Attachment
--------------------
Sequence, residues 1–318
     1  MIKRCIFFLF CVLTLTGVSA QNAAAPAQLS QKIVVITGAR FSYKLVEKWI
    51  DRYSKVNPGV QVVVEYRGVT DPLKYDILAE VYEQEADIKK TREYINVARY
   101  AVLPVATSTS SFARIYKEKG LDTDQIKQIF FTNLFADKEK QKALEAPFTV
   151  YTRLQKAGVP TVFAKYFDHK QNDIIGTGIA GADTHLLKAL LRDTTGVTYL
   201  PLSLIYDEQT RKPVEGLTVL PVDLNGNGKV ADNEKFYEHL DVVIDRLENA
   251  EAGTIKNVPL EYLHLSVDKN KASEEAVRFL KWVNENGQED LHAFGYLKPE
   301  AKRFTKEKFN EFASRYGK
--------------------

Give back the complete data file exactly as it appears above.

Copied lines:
Sequence, residues 1–318
     1  MIKRCIFFLF CVLTLTGVSA QNAAAPAQLS QKIVVITGAR FSYKLVEKWI
    51  DRYSKVNPGV QVVVEYRGVT DPLKYDILAE VYEQEADIKK TREYINVARY
   101  AVLPVATSTS SFARIYKEKG LDTDQIKQIF FTNLFADKEK QKALEAPFTV
   151  YTRLQKAGVP TVFAKYFDHK QNDIIGTGIA GADTHLLKAL LRDTTGVTYL
   201  PLSLIYDEQT RKPVEGLTVL PVDLNGNGKV ADNEKFYEHL DVVIDRLENA
   251  EAGTIKNVPL EYLHLSVDKN KASEEAVRFL KWVNENGQED LHAFGYLKPE
   301  AKRFTKEKFN EFASRYGK